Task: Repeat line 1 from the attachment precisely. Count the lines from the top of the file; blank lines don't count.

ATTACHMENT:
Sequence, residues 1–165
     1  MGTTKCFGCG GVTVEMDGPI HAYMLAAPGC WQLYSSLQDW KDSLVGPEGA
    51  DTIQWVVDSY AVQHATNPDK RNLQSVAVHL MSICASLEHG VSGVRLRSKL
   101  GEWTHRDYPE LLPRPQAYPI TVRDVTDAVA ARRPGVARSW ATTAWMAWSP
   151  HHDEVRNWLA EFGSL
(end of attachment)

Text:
Sequence, residues 1–165